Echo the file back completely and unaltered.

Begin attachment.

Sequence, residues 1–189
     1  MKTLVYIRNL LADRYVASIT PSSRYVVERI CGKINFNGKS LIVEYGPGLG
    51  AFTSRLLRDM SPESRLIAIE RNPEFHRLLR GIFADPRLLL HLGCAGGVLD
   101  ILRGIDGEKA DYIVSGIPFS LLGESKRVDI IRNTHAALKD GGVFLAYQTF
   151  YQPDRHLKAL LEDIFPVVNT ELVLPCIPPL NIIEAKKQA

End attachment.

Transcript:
Sequence, residues 1–189
     1  MKTLVYIRNL LADRYVASIT PSSRYVVERI CGKINFNGKS LIVEYGPGLG
    51  AFTSRLLRDM SPESRLIAIE RNPEFHRLLR GIFADPRLLL HLGCAGGVLD
   101  ILRGIDGEKA DYIVSGIPFS LLGESKRVDI IRNTHAALKD GGVFLAYQTF
   151  YQPDRHLKAL LEDIFPVVNT ELVLPCIPPL NIIEAKKQA